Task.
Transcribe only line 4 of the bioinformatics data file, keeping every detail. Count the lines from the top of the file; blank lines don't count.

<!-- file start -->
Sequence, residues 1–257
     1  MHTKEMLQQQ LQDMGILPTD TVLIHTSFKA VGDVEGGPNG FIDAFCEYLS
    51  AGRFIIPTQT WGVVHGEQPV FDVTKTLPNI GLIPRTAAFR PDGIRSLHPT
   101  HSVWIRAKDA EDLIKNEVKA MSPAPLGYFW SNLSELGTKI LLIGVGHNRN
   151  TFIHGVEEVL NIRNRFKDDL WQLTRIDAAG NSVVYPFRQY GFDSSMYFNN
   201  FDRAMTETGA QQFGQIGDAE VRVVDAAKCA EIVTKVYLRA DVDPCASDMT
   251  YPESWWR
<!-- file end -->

   101  HSVWIRAKDA EDLIKNEVKA MSPAPLGYFW SNLSELGTKI LLIGVGHNRN